- #1

- 17

- 2

## Summary:

- Even though the potential function is even, the scattering states of the time-independent wave function is not even or odd. (You can't use this theorem in the scattering states.) Why?

## Main Question or Discussion Point

Hello! I have been recently studying Quantum mechanics alone and I've just got this question.

If the potential function V(x) is an even function, then the time-independent wave function can always be taken to be either even or odd. However, I found one case that this theorem is not applied, which is the case of scattering states in finite square well.

If V(x) is -V_0 at -a<x<a and 0 at lxl>a, V(x) is an even function(V_0 is a positive constant), so the time-independent wave function should be even or odd function but in my textbook (Quantum Mechanics by Griffiths), the author doesn't use this theorem even tho he does in case of bound states in finite square well.

I'm assuming because the wave function is not normalizable, so you can't really apply that "even-or-odd-theorem", but I want to know more precise reasons!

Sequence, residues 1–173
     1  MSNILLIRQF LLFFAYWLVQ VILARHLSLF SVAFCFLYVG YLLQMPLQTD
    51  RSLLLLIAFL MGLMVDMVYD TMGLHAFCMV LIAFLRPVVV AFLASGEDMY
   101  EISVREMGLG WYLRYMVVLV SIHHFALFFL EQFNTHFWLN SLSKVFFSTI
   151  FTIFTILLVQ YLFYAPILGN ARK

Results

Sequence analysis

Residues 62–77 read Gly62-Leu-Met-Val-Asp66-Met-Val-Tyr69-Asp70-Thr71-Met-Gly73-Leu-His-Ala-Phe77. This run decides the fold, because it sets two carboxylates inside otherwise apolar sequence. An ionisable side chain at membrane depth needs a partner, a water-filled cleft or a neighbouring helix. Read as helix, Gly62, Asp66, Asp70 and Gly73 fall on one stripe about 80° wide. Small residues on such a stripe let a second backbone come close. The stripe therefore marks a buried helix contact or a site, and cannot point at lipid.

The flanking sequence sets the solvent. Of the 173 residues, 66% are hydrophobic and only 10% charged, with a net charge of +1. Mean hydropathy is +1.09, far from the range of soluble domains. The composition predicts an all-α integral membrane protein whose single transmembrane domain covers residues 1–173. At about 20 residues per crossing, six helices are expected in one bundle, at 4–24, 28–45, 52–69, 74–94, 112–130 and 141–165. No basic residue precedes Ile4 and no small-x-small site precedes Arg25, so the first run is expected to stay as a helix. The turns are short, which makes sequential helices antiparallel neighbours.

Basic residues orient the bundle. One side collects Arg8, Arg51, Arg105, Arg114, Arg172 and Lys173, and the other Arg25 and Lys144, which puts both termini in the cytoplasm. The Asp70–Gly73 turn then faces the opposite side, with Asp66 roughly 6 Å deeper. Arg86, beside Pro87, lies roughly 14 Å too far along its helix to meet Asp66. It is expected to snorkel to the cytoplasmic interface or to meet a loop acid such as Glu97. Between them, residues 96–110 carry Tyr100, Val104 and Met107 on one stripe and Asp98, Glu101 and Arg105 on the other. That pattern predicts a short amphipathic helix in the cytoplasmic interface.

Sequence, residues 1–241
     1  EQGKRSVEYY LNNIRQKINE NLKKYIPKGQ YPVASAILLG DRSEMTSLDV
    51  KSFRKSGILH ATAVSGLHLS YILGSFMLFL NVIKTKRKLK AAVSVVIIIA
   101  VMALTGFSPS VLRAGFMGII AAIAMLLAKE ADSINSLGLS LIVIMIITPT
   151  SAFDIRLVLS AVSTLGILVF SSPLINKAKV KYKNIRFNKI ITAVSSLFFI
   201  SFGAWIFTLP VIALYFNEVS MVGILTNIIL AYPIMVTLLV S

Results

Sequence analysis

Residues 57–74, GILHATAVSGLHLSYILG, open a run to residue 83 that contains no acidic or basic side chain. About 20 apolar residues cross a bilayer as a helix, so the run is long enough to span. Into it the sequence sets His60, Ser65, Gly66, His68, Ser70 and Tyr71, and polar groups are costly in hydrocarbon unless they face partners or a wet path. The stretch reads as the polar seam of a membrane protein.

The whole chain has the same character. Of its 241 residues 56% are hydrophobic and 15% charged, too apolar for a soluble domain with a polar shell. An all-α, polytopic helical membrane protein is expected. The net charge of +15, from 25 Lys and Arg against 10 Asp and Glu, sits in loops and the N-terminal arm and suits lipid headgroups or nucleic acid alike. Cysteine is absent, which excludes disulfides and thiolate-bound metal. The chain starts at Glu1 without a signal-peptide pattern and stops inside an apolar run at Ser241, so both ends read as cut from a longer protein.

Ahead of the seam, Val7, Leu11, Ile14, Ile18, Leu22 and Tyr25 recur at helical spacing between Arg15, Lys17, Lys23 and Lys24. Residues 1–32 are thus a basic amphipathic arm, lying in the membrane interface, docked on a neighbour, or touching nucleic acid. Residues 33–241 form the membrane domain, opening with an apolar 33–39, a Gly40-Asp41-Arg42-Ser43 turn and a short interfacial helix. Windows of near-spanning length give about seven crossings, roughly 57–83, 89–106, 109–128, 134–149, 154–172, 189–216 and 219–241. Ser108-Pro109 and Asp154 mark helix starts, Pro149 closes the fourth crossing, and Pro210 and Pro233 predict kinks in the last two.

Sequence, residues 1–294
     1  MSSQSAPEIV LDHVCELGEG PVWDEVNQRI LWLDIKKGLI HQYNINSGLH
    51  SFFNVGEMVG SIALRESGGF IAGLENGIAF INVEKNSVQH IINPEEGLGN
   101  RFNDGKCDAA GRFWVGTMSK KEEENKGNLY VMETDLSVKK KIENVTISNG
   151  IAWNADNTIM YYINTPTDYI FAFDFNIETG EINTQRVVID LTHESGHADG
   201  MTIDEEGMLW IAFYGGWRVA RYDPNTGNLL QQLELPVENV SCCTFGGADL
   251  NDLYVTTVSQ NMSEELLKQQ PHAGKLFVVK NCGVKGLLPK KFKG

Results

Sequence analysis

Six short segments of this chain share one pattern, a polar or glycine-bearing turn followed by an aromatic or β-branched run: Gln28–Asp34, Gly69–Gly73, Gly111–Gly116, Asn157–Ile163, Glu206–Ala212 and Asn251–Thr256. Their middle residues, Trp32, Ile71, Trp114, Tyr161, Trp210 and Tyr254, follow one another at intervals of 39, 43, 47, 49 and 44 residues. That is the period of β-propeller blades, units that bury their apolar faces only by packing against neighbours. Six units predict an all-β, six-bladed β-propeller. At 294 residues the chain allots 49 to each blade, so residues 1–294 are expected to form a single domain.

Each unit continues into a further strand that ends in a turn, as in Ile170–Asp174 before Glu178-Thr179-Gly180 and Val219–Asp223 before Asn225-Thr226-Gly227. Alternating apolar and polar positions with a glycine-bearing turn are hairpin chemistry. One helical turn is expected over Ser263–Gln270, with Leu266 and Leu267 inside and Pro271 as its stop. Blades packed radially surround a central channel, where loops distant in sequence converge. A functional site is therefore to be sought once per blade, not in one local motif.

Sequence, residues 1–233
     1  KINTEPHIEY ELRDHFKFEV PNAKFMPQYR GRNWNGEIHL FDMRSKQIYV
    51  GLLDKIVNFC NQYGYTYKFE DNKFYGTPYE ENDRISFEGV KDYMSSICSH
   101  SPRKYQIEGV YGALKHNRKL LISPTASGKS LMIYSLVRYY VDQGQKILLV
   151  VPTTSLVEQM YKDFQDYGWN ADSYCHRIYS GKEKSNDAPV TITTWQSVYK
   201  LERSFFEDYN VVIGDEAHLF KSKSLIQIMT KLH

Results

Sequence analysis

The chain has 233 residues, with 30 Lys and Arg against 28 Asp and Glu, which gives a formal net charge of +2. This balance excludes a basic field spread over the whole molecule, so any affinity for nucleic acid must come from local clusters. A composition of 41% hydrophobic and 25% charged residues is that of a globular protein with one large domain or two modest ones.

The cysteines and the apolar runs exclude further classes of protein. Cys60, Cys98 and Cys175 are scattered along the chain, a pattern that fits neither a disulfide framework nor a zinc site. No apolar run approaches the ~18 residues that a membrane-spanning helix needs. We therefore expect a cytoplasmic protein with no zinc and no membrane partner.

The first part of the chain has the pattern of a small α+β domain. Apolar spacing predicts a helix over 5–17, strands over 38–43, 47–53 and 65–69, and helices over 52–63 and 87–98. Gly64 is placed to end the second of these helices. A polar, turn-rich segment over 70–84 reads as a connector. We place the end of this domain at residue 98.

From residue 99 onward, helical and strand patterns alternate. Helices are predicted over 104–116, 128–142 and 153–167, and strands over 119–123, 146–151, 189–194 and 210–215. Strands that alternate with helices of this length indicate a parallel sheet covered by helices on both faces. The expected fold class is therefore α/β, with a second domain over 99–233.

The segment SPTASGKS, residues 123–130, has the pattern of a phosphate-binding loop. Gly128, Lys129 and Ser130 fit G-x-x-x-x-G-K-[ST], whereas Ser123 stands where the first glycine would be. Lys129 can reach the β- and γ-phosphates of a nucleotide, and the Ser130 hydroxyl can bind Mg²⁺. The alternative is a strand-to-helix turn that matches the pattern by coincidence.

If the potential function V(x) is an even function, then the time-independent wave function can always be taken to be either even or odd. However, I found one case that this theorem is not applied, which is the case of scattering states in finite square well.

If V(x) is -V_0 at -a<x<a and 0 at lxl>a, V(x) is an even function(V_0 is a positive constant), so the time-independent wave function should be even or odd function but in my textbook (Quantum Mechanics by Griffiths), the author doesn't use this theorem even tho he does in case of bound states in finite square well.

I'm assuming because the wave function is not normalizable, so you can't really apply that "even-or-odd-theorem", but I want to know more precise reasons!